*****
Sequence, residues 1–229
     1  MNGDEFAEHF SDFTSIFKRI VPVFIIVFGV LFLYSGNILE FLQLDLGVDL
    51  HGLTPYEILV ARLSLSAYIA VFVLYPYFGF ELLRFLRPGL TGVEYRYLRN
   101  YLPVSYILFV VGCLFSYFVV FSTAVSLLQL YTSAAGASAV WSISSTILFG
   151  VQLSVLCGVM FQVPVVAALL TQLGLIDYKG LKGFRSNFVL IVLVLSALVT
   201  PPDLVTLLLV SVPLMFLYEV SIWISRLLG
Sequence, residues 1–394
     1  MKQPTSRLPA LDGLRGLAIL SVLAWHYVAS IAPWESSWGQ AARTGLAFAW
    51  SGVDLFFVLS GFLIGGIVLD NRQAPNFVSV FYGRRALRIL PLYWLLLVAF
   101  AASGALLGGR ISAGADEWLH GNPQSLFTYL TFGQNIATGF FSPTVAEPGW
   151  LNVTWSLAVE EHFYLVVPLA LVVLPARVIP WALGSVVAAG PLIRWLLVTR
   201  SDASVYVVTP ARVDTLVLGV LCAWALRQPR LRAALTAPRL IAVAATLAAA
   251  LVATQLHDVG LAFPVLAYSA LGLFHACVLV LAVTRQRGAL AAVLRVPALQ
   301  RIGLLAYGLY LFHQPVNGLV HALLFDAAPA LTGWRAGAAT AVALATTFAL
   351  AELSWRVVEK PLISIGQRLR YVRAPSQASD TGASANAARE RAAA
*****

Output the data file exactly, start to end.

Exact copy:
Sequence, residues 1–229
     1  MNGDEFAEHF SDFTSIFKRI VPVFIIVFGV LFLYSGNILE FLQLDLGVDL
    51  HGLTPYEILV ARLSLSAYIA VFVLYPYFGF ELLRFLRPGL TGVEYRYLRN
   101  YLPVSYILFV VGCLFSYFVV FSTAVSLLQL YTSAAGASAV WSISSTILFG
   151  VQLSVLCGVM FQVPVVAALL TQLGLIDYKG LKGFRSNFVL IVLVLSALVT
   201  PPDLVTLLLV SVPLMFLYEV SIWISRLLG
Sequence, residues 1–394
     1  MKQPTSRLPA LDGLRGLAIL SVLAWHYVAS IAPWESSWGQ AARTGLAFAW
    51  SGVDLFFVLS GFLIGGIVLD NRQAPNFVSV FYGRRALRIL PLYWLLLVAF
   101  AASGALLGGR ISAGADEWLH GNPQSLFTYL TFGQNIATGF FSPTVAEPGW
   151  LNVTWSLAVE EHFYLVVPLA LVVLPARVIP WALGSVVAAG PLIRWLLVTR
   201  SDASVYVVTP ARVDTLVLGV LCAWALRQPR LRAALTAPRL IAVAATLAAA
   251  LVATQLHDVG LAFPVLAYSA LGLFHACVLV LAVTRQRGAL AAVLRVPALQ
   301  RIGLLAYGLY LFHQPVNGLV HALLFDAAPA LTGWRAGAAT AVALATTFAL
   351  AELSWRVVEK PLISIGQRLR YVRAPSQASD TGASANAARE RAAA